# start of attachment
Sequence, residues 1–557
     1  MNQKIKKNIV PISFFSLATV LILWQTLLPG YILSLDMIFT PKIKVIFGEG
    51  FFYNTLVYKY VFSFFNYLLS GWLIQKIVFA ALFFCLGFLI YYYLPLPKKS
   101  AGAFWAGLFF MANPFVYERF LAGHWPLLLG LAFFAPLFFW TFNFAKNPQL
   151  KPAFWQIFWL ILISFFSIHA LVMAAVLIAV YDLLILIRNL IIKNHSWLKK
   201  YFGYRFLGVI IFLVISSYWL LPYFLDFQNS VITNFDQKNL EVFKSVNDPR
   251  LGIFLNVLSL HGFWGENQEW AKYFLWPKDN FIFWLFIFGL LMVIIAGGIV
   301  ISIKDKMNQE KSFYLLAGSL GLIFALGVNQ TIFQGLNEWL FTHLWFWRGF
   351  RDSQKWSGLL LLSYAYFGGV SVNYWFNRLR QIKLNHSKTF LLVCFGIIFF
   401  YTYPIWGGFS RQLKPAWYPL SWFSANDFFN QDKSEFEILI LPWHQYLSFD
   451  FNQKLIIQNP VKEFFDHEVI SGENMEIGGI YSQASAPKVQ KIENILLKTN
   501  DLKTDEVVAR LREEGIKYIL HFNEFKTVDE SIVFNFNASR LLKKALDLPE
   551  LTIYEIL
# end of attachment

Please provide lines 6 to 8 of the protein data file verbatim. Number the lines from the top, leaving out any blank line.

   201  YFGYRFLGVI IFLVISSYWL LPYFLDFQNS VITNFDQKNL EVFKSVNDPR
   251  LGIFLNVLSL HGFWGENQEW AKYFLWPKDN FIFWLFIFGL LMVIIAGGIV
   301  ISIKDKMNQE KSFYLLAGSL GLIFALGVNQ TIFQGLNEWL FTHLWFWRGF